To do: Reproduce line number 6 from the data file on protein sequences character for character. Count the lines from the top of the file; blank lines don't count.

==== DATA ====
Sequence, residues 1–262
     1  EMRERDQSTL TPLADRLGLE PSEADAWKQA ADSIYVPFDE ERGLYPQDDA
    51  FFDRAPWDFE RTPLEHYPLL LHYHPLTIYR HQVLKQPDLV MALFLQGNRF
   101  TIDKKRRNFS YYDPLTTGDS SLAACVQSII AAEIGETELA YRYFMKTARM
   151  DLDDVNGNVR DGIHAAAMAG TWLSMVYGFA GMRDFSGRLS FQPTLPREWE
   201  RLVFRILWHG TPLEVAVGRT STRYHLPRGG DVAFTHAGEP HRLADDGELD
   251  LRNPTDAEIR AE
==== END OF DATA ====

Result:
   201  RLVFRILWHG TPLEVAVGRT STRYHLPRGG DVAFTHAGEP HRLADDGELD